Five questions: Arizona Diamondbacks

With the threat of regression in the air, will the Dbacks repeat as 90-game winners?

Two major factors were behind the Diamondbacks’ success in 2011: pitching and defense. According to UZR scores, the team ranked first in the National League in team defense with an overall score of 6.5. Breaking this down, we see the team also led in outfield defense with 8.8 and was above average in overall infield defense. Understanding that UZR, or any current defensive metric, is far from perfect, how much of a negative or positive shift can we expect in 2012?

This upcoming season, the team will have Paul Goldschmidt as the full-time first baseman (currently grades as below-average defensively) and Aaron Hill at second (score varies from slightly above-average to average, entering his age-30 season, which could point to the negative).

Willie Bloomquist and John McDonald will be subbing for the injured Stephen Drew for an undisclosed period of time. Bloomquist was capable as a defense shortstop last season, but in 1400-plus innings in his career, he scores as slightly below average. On the other hand, McDonald makes his living as a defensive-minded infielder. It’s just unfortunate that he has a .265 career wOBA as the trade-off.

Finally, Jason Kubel was brought in to add some left-handed power to the lineup. However, he rates as a major defensive downgrade.

Looking at the pitching, last season Arizona starters posted an overall ERA of 3.84, which is solid but falls below their overall FIP and xFIP of 4.13 and 4.11, respectively. In 2012, the team will be adding Trevor Cahill to this unit as the expected No. 3 starter.

Ian Kennedy: 8.03 K/9, 2.23 BB/9, .270 BABIP, 2.88 ERA, 3.22 FIP, 3.50 xFIP
Daniel Hudson: 6.85 K/9, 2.03 BB/9, .295 BABIP, 3.49 ERA, 3.28, 3.79 xFIP
Josh Collmenter: 5.71 K/9, 1.73 BB/9, .259 BABIP, 3.59 ERA, 3.90 FIP, 4.33 xFIP
Joe Saunders: 4.58 K/9, 2.84 BB/9, .271 BABIP, 3.69 ERA, 4.78 FIP, 4.38 xFIP

Glancing over these numbers, we see all four of the above pitchers showed excellent command and, with the exception of Kennedy, didn’t post any high strikeout numbers. This suggests a pitch-to-contact approach that will be hard to replicate successfully if we expect a defensive downgrade. Over the offseason, the team acquired Cahill as the team’s No. 3 starter.

Trevor Cahill: 6.37 K/9, 3.55 BB/9, .302 BABIP, 4.16 ERA, 4.10 FIP, 3.90 xFIP

Looking over Cahill’s brief 2011 stat line, we see a similar pitcher who doesn’t rely on any overpowering stuff and utilizes a heavy sinker to, hopefully, induce weak contact. He also will need a capable defense in order to show any effectiveness.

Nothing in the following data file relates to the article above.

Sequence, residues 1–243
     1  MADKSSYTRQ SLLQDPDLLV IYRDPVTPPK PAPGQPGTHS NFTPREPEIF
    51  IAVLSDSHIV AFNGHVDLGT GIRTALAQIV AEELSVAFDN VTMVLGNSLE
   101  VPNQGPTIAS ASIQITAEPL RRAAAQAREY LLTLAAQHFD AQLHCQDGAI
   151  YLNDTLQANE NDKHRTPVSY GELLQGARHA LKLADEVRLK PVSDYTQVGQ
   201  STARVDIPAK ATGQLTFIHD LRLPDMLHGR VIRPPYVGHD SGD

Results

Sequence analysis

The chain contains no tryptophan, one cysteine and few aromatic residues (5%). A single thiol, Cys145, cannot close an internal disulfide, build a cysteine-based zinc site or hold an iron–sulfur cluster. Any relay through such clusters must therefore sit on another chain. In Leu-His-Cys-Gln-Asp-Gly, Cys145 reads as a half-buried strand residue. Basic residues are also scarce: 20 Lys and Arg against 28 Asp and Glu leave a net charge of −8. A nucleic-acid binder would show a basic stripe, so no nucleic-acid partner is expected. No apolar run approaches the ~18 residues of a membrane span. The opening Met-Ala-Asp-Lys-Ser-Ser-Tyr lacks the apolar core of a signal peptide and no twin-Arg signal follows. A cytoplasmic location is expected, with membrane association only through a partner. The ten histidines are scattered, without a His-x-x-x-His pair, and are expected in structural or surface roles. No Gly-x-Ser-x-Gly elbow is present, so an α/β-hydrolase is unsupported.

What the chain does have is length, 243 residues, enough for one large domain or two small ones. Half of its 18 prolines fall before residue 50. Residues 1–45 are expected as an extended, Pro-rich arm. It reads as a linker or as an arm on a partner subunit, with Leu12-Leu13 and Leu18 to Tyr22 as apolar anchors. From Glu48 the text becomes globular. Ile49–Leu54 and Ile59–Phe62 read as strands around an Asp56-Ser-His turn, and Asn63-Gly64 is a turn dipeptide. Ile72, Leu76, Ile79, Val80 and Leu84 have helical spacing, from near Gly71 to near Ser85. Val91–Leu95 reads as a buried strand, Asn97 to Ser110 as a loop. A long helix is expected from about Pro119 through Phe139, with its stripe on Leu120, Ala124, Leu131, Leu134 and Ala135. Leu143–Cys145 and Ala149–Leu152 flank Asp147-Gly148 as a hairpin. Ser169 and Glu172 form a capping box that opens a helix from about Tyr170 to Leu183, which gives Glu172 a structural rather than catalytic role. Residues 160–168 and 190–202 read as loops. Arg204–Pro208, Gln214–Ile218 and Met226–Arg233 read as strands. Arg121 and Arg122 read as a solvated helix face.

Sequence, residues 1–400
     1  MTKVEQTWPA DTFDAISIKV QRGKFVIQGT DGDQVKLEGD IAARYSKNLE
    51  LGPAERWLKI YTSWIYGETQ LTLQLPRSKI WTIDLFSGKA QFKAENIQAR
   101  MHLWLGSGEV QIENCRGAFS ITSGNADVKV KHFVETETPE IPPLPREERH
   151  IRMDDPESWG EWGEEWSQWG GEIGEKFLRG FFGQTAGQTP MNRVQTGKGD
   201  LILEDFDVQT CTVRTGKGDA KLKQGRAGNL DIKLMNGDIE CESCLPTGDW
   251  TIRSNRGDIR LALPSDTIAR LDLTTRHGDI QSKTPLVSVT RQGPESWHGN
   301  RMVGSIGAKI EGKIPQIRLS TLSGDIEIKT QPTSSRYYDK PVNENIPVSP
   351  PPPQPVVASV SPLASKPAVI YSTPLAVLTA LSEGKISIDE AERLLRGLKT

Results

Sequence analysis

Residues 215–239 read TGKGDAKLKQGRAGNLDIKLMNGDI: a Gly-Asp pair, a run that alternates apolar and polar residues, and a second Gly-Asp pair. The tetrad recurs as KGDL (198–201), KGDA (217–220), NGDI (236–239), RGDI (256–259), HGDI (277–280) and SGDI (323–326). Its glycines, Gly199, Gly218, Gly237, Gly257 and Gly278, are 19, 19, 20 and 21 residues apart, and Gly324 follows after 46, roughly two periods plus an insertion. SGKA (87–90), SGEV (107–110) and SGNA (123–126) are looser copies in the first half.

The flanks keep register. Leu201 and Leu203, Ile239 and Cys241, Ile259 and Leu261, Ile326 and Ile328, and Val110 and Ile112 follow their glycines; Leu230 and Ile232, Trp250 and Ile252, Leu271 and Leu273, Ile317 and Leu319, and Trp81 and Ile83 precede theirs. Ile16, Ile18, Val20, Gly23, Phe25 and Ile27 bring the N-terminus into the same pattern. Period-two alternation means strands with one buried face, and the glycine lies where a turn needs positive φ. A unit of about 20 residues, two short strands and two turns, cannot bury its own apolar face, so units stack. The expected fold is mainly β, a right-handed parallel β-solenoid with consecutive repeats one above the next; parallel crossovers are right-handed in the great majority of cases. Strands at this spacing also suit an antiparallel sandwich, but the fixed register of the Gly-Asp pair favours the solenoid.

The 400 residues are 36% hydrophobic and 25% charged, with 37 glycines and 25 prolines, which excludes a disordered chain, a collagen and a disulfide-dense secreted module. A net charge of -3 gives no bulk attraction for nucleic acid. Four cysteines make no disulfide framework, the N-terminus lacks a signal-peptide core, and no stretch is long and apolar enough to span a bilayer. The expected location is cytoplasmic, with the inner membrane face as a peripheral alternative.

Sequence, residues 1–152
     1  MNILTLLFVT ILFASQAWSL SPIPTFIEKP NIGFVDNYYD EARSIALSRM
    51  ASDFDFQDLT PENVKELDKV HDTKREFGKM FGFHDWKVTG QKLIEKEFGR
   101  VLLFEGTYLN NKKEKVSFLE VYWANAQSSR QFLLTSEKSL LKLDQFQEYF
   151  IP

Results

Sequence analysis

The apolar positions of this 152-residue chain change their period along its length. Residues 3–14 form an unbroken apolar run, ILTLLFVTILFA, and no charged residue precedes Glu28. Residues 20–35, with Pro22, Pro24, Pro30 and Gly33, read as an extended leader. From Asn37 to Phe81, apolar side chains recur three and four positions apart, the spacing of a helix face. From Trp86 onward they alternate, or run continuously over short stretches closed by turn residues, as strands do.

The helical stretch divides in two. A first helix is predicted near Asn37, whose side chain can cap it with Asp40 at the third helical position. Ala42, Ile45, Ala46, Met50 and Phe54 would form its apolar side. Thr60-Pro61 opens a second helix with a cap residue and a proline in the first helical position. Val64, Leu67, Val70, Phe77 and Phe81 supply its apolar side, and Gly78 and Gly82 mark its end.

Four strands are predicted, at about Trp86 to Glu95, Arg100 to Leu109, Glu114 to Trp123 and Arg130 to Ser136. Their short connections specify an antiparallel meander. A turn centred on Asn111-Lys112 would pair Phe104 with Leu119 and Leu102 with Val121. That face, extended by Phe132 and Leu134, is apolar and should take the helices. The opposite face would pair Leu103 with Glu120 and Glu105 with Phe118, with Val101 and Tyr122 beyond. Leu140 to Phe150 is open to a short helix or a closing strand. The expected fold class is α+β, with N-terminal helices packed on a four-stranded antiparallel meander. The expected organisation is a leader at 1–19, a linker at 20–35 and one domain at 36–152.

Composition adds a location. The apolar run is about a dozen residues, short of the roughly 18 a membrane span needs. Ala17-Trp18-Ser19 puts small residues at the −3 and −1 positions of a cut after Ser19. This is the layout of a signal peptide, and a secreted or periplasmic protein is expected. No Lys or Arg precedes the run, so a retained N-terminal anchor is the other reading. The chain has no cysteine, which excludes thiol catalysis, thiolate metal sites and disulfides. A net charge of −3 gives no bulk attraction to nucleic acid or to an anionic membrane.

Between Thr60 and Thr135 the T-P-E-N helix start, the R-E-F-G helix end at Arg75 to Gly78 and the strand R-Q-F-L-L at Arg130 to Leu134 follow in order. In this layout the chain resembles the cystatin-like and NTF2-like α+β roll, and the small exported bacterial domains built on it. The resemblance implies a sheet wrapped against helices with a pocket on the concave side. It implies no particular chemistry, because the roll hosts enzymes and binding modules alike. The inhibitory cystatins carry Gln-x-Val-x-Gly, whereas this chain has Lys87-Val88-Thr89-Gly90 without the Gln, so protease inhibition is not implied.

Using Oliver as a quick projection model, I have added up all the current WAR projections for the team’s probable 25-man roster, and the numbers fall between being an 84- to 85-win team. This falls well short of last season’s 94 wins.

Based on last season’s runs scored and allowed, the D-backs should have won 89 games, which points to luck playing a slight role. Even with a slight downgrade on defense, I still expect Arizona Dbacks to perform above average defensively; however, I do expect the low BABIP total to rise, which will, in theory, affect the team’s padded ERA totals and shave off some wins in the process.

Is Justin Upton anywhere near his peak in terms of performance?

If we are to believe that offensive players peak at the age of 26 to 27, then Upton, who will be 25 in August, should be in line to show further improvement over the next few seasons.

Currently, our 2012 player forecast sees Upton performing at similar levels previously established, but is it possible that he will eclipse last season’s production level?
image
Upton has the speed and athleticism to assume the favorable position near the top of the provided chart, which is promising in terms of sustaining production. But if you look at the two players most similar to Upton (according to his Baseball-Reference.com page) one will see two names provided at the top: Ruben Sierra and Andruw Jones.

Like Upton, both players were athletic outfielders who made an impact by the age of 20 in the big leagues, and both players were able to parlay their athletic skillset into prolonging their careers into their mid-30′s. However, Sierra peaked rather quickly, posting his best season at the age of 2,3 while Jones performed as an above-average power-hitting outfielder before posting his best season at the age of 28.

To further illustrate this, let’s go to one of my current obsessions: generating WAR graphs via Fangraphs:

image

In no way is this definitive, since it only involves three names, but it does pose a curious line of trajectories that Upton could follow, eclipse or fit in between. Physically, all three players were listed as 6-foot, 1-inch, but while Sierra was always “leaner,” Upton seems more likely to put on extra weight in line with how Jones developed.

To get a general comparison of these three players, one can see that through the age of 23, Sierra well below average in terms of plate discipline while Jones and Upton were similar according to walk-to-strikeout ratio.





































Total PA BB% K% ISO BABIP OPS+
Andruw Jones 2619 8.8 19.6 .220 .284 105
Ruben Sierra 2464 6.0 14.4 .207 .280 113
Justin Upton 2402 10.1 23.9 .211 .337 119

(all stats were taken through the player’s age 23 season)

Looking at Upton’s season numbers, his walk and strikeout numbers do fluctuate similar to what Jones displayed during his time in Atlanta. Last season, Upton did work to cut down on his strikeouts, going from 26.6 percent in 2010 to 18.7 percent last season while still keeping his swing-and-miss percentage high at 11.6 percent.

This could suggest that adjustments have been made in two-strike situations, which calls for further study, but I do see Upton making further progress overall and posting a few forty-home run seasons before the age of 30.